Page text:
The 41 alphabetic and numeric visual signalling flags (including substitute and answering pennants) have either square or pointed ends. They are made of bunting, a coarse fabric of worsted (open yarn wool) in various colour combinations. Some of the flags are marked with inscriptions, for example “B”. Attachments to the flags include hemp rope and metal clips. Each flag has its own galvanised canister and lid, each of which is painted grey and marked with a letter, number or word. The flags were used for communicating messages to passing ships. Knowledge of visual signalling was mandatory for all lightkeepers and all lightstations maintained a set of flags. Although used for centuries, visual flag signalling formally developed in the nineteenth century and was published internationally as a system in 1857. By the early twentieth century it had developed into an effective means of conveying all kinds of short range visual messages. The signal flags and canisters at Gabo Island form a complete set and are not historically linked to the lightstation and their provenance is unknown. It is known however that they originate from a lightstation in Victoria and for some years were on loan from AMSA to the Queenscliff Maritime Museum, where they were held in storage and not displayed. Three of the six lightstations that Parks Victoria manages have sets of signal flags in their collections.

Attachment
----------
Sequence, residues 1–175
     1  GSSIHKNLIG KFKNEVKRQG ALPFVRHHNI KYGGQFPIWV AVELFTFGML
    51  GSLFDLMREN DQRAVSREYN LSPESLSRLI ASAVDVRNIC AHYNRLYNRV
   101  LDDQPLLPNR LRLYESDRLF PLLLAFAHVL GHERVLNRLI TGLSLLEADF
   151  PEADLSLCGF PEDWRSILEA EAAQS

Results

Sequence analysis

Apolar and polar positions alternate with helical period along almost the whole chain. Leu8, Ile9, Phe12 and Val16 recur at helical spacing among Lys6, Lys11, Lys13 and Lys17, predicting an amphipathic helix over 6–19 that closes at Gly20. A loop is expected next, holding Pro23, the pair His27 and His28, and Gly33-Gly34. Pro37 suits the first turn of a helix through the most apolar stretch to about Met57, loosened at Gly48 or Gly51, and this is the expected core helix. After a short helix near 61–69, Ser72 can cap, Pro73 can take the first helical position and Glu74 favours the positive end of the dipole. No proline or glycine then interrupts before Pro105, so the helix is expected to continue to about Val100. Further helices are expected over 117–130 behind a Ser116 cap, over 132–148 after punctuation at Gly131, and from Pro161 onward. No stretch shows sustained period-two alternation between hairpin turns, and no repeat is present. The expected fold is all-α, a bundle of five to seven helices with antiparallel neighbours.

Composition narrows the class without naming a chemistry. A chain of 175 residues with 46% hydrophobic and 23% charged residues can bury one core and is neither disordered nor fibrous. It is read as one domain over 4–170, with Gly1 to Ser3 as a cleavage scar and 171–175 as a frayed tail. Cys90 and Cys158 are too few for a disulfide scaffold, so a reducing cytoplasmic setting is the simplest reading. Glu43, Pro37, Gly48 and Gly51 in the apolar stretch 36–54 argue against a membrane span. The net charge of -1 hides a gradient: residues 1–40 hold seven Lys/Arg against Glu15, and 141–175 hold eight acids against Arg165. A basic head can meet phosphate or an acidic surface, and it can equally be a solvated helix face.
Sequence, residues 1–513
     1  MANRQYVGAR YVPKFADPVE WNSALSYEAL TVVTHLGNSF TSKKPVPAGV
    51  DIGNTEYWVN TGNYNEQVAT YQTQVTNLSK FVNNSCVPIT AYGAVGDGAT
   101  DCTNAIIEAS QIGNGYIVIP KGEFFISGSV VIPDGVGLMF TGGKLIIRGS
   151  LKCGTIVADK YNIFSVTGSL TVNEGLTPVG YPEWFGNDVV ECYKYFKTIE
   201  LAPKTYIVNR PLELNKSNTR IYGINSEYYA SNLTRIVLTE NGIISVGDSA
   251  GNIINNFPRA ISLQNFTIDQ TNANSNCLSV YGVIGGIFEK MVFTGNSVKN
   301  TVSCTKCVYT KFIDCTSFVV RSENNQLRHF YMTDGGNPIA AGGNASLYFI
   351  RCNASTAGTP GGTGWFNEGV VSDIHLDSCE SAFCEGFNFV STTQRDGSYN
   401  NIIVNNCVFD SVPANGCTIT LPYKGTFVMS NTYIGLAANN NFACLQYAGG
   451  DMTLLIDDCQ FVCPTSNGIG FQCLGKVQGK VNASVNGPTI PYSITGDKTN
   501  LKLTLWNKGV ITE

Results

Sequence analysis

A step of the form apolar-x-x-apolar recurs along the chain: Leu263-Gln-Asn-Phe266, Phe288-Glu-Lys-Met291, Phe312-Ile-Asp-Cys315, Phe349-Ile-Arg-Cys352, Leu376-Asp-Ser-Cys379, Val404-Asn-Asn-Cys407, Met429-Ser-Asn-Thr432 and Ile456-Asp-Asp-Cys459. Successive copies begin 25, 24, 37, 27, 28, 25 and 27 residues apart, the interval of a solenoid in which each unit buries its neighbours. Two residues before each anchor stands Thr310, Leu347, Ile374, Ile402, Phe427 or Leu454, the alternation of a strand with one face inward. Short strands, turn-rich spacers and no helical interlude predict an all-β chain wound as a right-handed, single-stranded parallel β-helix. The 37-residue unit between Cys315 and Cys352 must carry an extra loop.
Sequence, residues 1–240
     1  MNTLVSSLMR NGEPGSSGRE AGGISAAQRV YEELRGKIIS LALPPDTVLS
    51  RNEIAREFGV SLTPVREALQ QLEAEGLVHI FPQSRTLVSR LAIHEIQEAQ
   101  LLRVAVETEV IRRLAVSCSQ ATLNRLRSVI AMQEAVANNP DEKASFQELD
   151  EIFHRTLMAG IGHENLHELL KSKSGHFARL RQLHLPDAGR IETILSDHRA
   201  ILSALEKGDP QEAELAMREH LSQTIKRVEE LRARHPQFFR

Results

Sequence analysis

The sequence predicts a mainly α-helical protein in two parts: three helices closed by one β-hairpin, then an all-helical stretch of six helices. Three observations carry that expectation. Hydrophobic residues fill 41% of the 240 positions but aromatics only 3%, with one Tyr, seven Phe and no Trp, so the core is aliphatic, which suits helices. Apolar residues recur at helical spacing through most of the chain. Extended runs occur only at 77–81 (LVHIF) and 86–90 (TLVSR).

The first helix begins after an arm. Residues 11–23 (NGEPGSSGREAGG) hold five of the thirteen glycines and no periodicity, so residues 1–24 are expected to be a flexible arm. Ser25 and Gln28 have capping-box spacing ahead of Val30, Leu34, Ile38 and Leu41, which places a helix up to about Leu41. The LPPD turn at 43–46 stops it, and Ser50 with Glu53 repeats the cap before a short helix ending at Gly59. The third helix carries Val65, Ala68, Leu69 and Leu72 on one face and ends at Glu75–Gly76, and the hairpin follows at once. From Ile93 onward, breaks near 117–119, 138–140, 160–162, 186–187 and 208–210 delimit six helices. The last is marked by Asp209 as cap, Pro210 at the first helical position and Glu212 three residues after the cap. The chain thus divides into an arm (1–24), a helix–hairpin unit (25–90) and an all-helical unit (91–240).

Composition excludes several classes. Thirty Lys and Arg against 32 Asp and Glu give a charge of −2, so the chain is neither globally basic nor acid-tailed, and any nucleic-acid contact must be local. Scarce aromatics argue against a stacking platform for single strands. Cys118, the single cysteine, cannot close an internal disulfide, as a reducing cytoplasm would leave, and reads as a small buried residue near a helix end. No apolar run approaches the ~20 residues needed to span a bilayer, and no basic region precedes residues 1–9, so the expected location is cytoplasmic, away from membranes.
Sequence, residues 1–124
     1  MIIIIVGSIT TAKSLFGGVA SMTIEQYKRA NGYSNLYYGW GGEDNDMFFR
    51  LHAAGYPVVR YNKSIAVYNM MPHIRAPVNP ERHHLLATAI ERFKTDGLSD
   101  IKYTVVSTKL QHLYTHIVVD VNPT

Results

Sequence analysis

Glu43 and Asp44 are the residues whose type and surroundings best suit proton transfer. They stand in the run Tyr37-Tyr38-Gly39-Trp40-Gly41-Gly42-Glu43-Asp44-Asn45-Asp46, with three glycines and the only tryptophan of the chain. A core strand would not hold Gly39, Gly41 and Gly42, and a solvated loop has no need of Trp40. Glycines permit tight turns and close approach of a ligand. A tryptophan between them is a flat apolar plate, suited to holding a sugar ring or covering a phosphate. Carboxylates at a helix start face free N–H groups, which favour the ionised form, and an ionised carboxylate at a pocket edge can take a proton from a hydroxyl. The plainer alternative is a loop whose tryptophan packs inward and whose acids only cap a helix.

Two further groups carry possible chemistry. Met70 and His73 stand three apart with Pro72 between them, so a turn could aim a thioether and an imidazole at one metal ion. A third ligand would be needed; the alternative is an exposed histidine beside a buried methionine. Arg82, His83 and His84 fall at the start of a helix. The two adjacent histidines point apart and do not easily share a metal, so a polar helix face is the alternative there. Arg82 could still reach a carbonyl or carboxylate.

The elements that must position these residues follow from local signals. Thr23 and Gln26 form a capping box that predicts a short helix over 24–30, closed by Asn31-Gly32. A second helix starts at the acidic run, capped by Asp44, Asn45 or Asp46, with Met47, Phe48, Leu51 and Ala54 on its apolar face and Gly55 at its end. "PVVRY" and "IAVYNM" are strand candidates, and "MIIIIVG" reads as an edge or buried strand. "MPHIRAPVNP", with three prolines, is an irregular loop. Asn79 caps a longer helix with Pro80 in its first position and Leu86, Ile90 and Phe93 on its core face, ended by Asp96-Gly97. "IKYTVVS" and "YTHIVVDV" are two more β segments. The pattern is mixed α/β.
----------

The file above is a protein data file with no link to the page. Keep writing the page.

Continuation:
Forty navigational signal alphabet flags & numeral pennants. Flags are made of wool.